Q&A Dominic Coyle
Public service penisoners to lose out in Croke Park II
I refer to the final paragraph of your reply to " USC income thresholds for over-70s " ( Irish Times Tues 19/3/2013). It would appear from the text of Croke Park II ( which the media missed) that all retired Public Servants have been subject of cuts despite not having any right of audience in relation to the planned reductions.
The threshold appears to apply to pensions of €32,500 and above and increasing incrementally thereafter. In addition, there is also a stepback clause in which pensions will be further reduced. Unlike serving public servants, no undertaking is being given to restore pensions to their original rates at the end of Croke Park II – i.e. in three years’ time.
Is this correct? If so it hardly seems equitable to a group who are not allowed to participate in negotiations which adversely affect their future and who are not in a position to supplement their future declining incomes.
Mr M.O’C., Donegal
It’s not quite correct to state that Croke Park II is cutting the pay of pensioners, although I accept the end result might be the same.
In fact, it would seem the Government – or the Labour Relations Commission or the trades unions – has been scrupulously careful to ensure that there is no specific mention of such a provision in the terms of the actual accord on which trade union members across the State are currently voting.
However, you are quite right to be concerned. There is reference under “Other Pay Related Matters” to pensions. It states: “Separately to this agreement, the parties note that the Government intends to align the reductions in public service pensions in payment with the reductions applied to serving staff. The parties note that this measure will apply to pensions in payment greater than €32,500 only.”
So, you are correct, and although it is still very unclear, I understand there is no commitment made to date to restore any cuts at a later stage, regardless of what might happen to restoration of pay and conditions for serving members of the public service.
As you say, there certainly does seem something inequitable in people who have no say at the negotiating table finding their terms and conditions cut – especially if it is without hope of reversal as would appear to be the case. For their part, the Government will probably argue that public sector pensioners have been less impacted than almost any other group in society by the changes that have taken place in the economy in recent times.
Strangely it is not something I have heard much about from thee unions in their various campaigns for and against acceptance of the deal.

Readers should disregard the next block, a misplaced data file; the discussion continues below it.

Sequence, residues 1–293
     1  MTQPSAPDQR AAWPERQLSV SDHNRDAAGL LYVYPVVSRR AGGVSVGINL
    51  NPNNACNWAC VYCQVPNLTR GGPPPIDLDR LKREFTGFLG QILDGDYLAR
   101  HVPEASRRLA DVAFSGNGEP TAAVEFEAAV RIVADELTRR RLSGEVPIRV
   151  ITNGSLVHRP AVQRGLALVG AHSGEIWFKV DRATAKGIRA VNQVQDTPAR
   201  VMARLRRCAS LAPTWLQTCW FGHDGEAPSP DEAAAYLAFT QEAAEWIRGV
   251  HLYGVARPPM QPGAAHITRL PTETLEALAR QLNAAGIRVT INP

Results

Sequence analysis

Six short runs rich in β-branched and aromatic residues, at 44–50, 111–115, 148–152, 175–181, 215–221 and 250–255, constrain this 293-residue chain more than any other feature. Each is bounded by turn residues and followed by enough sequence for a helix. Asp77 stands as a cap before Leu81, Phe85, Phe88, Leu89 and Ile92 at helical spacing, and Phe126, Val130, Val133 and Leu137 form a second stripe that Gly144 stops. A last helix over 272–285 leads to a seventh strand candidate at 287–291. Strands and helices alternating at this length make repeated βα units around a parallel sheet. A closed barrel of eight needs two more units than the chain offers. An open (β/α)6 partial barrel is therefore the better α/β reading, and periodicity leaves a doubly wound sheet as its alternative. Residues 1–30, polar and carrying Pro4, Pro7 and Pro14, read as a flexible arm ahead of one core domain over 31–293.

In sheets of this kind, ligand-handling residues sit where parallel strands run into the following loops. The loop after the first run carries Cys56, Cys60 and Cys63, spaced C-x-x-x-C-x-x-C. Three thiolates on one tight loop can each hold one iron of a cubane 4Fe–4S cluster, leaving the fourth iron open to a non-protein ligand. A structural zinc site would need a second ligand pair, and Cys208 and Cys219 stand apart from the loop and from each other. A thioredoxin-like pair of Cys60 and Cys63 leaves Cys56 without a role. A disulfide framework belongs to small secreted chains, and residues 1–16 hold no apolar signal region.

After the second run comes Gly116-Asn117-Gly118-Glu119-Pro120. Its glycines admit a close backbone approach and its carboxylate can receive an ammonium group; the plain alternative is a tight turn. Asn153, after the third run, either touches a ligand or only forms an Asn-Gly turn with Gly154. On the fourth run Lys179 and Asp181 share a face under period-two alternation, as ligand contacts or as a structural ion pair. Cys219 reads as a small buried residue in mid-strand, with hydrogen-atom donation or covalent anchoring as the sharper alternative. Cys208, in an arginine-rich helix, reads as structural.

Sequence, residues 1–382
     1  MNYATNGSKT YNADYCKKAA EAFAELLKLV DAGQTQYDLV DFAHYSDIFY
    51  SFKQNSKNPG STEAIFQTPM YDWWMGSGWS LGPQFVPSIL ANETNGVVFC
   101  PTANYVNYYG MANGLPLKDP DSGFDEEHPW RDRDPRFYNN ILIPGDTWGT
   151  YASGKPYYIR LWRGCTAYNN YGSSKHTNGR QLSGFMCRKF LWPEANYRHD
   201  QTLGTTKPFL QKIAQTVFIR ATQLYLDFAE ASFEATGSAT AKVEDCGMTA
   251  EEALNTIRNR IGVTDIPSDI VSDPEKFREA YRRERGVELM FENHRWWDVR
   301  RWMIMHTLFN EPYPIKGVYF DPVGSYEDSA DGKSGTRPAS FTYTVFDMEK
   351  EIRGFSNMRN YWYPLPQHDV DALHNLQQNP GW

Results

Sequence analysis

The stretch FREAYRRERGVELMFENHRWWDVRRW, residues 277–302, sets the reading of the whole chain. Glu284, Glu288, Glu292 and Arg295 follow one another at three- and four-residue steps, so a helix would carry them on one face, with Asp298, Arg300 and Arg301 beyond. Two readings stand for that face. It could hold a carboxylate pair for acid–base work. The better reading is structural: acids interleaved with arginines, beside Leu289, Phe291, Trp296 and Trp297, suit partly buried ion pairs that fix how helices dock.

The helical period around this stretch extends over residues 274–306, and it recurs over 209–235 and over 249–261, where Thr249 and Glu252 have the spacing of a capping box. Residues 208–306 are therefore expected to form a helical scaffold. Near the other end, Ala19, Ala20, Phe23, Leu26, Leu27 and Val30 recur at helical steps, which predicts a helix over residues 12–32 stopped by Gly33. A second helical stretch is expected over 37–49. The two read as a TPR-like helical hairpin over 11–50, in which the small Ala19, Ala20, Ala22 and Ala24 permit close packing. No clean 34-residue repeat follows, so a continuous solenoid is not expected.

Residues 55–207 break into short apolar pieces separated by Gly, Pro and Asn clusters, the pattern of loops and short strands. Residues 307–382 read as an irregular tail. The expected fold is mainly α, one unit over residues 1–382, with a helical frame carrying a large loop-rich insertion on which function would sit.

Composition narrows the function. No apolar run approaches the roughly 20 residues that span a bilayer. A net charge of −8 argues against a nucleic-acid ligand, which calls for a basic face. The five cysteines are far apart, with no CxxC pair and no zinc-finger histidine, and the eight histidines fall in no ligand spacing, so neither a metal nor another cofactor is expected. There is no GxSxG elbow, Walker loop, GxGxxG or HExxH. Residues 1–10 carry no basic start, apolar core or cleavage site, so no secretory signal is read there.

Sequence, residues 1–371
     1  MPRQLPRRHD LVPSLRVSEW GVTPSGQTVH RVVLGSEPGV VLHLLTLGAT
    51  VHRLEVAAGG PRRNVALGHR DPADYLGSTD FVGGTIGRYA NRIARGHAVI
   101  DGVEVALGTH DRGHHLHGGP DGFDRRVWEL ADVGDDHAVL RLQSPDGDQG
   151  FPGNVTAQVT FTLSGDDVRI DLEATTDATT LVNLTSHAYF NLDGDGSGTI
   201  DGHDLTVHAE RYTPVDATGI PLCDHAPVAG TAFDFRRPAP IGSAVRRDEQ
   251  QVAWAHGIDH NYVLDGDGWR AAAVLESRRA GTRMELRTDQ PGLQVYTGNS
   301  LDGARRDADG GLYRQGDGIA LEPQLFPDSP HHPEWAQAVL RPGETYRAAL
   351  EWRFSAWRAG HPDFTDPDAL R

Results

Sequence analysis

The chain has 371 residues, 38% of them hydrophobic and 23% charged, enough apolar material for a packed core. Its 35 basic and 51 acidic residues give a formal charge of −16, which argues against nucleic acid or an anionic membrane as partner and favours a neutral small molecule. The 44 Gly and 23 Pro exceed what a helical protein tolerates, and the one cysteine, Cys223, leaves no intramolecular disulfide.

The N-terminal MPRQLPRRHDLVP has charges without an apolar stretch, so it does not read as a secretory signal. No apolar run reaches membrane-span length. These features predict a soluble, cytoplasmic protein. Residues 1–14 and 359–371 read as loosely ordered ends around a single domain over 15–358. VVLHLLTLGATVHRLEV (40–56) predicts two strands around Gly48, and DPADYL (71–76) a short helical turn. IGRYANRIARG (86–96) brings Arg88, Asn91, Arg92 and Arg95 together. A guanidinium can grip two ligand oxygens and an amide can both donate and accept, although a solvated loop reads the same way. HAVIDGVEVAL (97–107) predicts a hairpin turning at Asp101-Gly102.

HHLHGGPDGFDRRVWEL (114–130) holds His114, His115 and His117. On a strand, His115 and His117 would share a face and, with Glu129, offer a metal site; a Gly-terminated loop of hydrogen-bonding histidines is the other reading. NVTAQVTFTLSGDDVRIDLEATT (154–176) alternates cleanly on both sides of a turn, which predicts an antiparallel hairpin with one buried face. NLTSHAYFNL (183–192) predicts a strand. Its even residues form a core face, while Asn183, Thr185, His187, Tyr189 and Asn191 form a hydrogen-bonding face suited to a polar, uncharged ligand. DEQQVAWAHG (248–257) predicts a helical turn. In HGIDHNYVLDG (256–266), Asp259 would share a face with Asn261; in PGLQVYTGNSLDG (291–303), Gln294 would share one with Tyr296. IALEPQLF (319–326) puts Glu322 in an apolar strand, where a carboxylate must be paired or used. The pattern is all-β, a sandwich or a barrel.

I am totally confused by the letter I have received on the Local Property Tax. In one place, it talks about the value of the property being self-assessed but elsewhere it gives a figure that I owe. I tried calling the helpline number but am none the wiser. Can you help?
Mr T.M., Galway
It would appear that in what it sees as its efforts to be helpful, the Revenue has managed to totally confuse some people. There is a figure on the letter you received by it is simply a “guesstimate” from the Revenue based on its assessment of the value of the properties in your general area.
Depending on where you live, it could be reasonably accurate, or totally off the wall. If for instance, you live in one of a row of cottages surrounded by big four and five bedroom semi-detached or detached houses, you could easily find that you have the same bill as the owners of those homes.
The bottom line is that the tax is self-assessed. It is up to you to assess what your home is worth. Most people will have a reasonable idea, looking at recent sales, or other local knowledge. You are not bound by Revenue’s estimate. However, if you just ignore the issue until after the May deadline, the Revenue figure will stand.
Once you have assessed the value, you can check on page 14 of the booklet that will have come with your letter and you can see which €50,000 bracket your property falls into and the associated tax both this year (when you are paying for just the second half of the year) and in 2014 when you will be paying a full 12-month contribution.
The form and booklet then outline the payment options available.
In terms of the helpline, Revenue has been receiving an unprecedented number of calls and has produced weekly figures showing that it has been successful in handling the vast majority of them very quickly. That’s not to say it has been trouble-free. I had cause myself to contact them about my efforts to fill in the form electronically. In the course of a 10-minute call, they first told me that the information which I wanted to include was already there (when it patently was not), then that it would not allow me to add additional information (even though the section specifically offers the choice to do so) and finally that “it would all be OK anyway” (with the inaccurate information included).
Clearly, not all the kinks in the system have yet been untangled.
This column is a reader service and is not intended to replace professional advice. Please send your questions to Q&A, c/o Dominic Coyle, The Irish Times, 24-28 Tara Street, Dublin2, or to firstname.lastname@example.org. No personal correspondence will be entered into.